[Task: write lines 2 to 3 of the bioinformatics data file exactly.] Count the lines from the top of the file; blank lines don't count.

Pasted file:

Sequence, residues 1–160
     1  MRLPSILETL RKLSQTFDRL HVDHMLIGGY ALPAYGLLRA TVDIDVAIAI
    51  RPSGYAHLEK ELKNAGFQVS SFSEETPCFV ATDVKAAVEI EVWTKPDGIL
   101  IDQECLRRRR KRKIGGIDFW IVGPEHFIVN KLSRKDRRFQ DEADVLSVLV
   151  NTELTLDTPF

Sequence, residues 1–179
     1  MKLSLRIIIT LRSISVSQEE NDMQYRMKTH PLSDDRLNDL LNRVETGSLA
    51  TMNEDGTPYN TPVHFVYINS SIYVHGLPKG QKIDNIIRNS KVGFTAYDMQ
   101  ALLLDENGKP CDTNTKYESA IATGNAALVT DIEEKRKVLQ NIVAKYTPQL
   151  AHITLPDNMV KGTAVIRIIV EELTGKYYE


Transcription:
     1  MRLPSILETL RKLSQTFDRL HVDHMLIGGY ALPAYGLLRA TVDIDVAIAI
    51  RPSGYAHLEK ELKNAGFQVS SFSEETPCFV ATDVKAAVEI EVWTKPDGIL